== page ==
“It’s his doing,” he said; “if there’s been any crime, it’s at his door, not at hers. He taught her to deceive—he deceived me first. Let ’em put him on his trial—let him stand in court beside her, and I’ll tell ’em how he got hold of her heart, and ‘ticed her t’ evil, and then lied to me. Is he to go free, while they lay all the punishment on her...so weak and young?”
The image called up by these last words gave a new direction to poor Adam’s maddened feelings. He was silent, looking at the corner of the room as if he saw something there. Then he burst out again, in a tone of appealing anguish, “I can’t bear it...O God, it’s too hard to lay upon me—it’s too hard to think she’s wicked.”
Mr. Irwine had sat down again in silence. He was too wise to utter soothing words at present, and indeed, the sight of Adam before him, with that look of sudden age which sometimes comes over a young face in moments of terrible emotion—the hard bloodless look of the skin, the deep lines about the quivering mouth, the furrows in the brow—the sight of this strong firm man shattered by the invisible stroke of sorrow, moved him so deeply that speech was not easy. Adam stood motionless, with his eyes vacantly fixed in this way for a minute or two; in that short space he was living through all his love again.
“She can’t ha’ done it,” he said, still without moving his eyes, as if he were only talking to himself: “it was fear made her hide it...I forgive her for deceiving me...I forgive thee, Hetty...thee wast deceived too...it’s gone hard wi’ thee, my poor Hetty...but they’ll never make me believe it.”
He was silent again for a few moments, and then he said, with fierce abruptness, “I’ll go to him—I’ll bring him back—I’ll make him go and look at her in her misery—he shall look at her till he can’t forget it—it shall follow him night and day—as long as he lives it shall follow him—he shan’t escape wi’ lies this time—I’ll fetch him, I’ll drag him myself.”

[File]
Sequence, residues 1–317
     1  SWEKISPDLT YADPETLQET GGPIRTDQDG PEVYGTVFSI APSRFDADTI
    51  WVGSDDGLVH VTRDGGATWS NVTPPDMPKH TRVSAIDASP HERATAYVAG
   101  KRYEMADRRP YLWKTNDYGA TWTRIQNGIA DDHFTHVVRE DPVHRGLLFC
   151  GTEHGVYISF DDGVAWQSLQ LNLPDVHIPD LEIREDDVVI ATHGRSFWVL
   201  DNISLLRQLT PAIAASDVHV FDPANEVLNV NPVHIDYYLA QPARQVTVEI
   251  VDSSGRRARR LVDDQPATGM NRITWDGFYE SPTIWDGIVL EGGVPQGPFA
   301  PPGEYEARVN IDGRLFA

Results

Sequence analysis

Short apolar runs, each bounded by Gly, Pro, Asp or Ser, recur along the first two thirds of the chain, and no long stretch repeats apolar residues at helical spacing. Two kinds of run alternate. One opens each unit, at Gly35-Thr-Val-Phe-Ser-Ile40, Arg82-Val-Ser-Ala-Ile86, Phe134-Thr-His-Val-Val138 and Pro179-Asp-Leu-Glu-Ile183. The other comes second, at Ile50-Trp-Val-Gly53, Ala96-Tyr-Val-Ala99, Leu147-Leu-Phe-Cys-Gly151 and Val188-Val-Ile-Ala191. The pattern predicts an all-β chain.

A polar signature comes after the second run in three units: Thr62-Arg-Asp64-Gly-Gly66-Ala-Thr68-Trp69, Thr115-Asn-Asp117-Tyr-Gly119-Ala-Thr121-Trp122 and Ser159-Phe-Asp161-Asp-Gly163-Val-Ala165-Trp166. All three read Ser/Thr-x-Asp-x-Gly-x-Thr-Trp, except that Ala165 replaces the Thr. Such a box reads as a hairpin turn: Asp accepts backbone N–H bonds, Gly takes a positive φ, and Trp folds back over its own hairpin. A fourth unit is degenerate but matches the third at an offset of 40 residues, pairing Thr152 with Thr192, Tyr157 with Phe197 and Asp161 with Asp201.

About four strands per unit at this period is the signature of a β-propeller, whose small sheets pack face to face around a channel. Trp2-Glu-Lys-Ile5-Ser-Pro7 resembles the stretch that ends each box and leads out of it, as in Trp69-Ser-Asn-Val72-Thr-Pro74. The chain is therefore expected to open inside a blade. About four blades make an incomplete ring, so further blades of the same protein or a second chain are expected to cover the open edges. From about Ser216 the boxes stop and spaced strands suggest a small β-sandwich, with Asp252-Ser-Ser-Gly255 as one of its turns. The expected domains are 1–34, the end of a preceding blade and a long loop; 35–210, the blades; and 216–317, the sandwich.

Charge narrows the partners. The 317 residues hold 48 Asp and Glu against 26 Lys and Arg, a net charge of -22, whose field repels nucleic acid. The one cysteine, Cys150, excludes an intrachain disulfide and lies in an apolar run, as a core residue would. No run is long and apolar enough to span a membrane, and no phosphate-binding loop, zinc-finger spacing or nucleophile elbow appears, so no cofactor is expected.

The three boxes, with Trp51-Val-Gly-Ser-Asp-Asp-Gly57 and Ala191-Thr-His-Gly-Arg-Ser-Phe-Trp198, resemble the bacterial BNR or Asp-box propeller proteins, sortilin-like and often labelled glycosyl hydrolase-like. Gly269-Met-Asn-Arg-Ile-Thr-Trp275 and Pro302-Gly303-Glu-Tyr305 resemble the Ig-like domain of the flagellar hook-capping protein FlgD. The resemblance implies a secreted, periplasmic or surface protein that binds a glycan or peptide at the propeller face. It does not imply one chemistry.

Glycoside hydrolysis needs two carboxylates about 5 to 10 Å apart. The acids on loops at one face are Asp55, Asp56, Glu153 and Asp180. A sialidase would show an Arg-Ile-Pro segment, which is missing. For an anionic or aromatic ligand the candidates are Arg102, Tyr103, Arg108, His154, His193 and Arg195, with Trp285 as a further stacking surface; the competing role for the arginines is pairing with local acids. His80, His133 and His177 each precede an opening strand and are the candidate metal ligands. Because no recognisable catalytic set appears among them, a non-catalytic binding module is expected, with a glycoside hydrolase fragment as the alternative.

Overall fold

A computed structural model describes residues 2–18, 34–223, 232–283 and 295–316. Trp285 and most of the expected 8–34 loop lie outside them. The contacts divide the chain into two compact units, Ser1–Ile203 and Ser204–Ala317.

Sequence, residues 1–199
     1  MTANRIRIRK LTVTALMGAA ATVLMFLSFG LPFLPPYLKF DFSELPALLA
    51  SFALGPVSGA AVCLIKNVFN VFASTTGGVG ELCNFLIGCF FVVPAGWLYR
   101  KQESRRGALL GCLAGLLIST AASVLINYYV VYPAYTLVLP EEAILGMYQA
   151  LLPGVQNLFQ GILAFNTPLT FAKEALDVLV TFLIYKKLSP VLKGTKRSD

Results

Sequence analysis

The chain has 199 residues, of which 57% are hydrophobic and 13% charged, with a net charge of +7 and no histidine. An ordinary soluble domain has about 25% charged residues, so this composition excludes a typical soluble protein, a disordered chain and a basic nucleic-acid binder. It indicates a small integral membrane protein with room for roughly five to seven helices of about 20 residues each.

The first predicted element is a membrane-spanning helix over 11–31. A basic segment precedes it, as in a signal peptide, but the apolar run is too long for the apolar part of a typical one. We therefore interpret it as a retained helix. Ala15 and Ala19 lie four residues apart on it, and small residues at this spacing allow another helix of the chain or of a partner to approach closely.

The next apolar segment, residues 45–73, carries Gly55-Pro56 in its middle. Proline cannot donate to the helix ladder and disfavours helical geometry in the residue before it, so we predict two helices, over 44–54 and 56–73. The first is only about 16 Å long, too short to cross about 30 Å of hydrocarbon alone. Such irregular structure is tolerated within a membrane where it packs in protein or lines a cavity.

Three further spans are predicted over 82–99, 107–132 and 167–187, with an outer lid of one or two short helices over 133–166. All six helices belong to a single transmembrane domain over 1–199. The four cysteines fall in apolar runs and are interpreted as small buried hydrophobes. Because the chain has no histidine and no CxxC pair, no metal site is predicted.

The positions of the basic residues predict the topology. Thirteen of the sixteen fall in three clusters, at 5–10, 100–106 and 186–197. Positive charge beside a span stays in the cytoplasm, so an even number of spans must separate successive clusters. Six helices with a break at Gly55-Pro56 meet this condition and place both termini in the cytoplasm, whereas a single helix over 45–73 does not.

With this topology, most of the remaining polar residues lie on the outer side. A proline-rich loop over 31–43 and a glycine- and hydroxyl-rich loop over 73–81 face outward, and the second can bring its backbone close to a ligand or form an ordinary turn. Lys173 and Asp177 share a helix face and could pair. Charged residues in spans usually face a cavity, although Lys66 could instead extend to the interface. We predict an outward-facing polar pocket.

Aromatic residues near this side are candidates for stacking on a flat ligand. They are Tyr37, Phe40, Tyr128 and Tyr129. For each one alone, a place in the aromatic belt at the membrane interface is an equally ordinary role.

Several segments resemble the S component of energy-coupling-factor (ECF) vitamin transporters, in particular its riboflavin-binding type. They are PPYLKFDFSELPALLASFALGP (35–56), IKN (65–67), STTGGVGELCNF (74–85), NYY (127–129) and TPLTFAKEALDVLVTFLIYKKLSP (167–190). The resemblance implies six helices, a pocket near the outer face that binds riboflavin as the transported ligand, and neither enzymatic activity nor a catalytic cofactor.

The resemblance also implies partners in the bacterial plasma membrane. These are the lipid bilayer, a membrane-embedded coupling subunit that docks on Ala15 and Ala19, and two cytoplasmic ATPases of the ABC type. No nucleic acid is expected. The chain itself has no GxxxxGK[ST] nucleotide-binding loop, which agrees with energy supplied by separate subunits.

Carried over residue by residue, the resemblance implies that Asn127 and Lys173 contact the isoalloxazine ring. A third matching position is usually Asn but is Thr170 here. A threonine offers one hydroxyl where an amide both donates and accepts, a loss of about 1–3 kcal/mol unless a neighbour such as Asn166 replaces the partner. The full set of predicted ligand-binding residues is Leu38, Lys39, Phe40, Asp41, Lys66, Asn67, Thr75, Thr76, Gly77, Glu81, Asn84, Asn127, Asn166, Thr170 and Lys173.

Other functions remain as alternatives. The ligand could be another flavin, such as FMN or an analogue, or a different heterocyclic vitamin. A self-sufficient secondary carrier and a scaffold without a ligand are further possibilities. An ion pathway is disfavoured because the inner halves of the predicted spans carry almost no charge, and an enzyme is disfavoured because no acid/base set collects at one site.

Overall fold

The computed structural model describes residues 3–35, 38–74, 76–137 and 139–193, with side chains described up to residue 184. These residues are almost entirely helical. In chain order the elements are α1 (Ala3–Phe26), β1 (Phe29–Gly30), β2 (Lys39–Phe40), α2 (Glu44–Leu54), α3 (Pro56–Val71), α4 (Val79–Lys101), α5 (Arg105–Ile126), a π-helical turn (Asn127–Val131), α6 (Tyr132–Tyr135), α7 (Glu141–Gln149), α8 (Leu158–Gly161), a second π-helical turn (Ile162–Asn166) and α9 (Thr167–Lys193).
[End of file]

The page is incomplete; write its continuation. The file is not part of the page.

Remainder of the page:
In the act of going towards the door, Adam paused automatically and looked about for his hat, quite unconscious where he was or who was present with him. Mr. Irwine had followed him, and now took him by the arm, saying, in a quiet but decided tone, “No, Adam, no; I’m sure you will wish to stay and see what good can be done for her, instead of going on a useless errand of vengeance. The punishment will surely fall without your aid. Besides, he is no longer in Ireland. He must be on his way home—or would be, long before you arrived, for his grandfather, I know, wrote for him to come at least ten days ago. I want you now to go with me to Stoniton. I have ordered a horse for you to ride with us, as soon as you can compose yourself.”
While Mr. Irwine was speaking, Adam recovered his consciousness of the actual scene. He rubbed his hair off his forehead and listened.
“Remember,” Mr. Irwine went on, “there are others to think of, and act for, besides yourself, Adam: there are Hetty’s friends, the good Poysers, on whom this stroke will fall more heavily than I can bear to think. I expect it from your strength of mind, Adam—from your sense of duty to God and man—that you will try to act as long as action can be of any use.”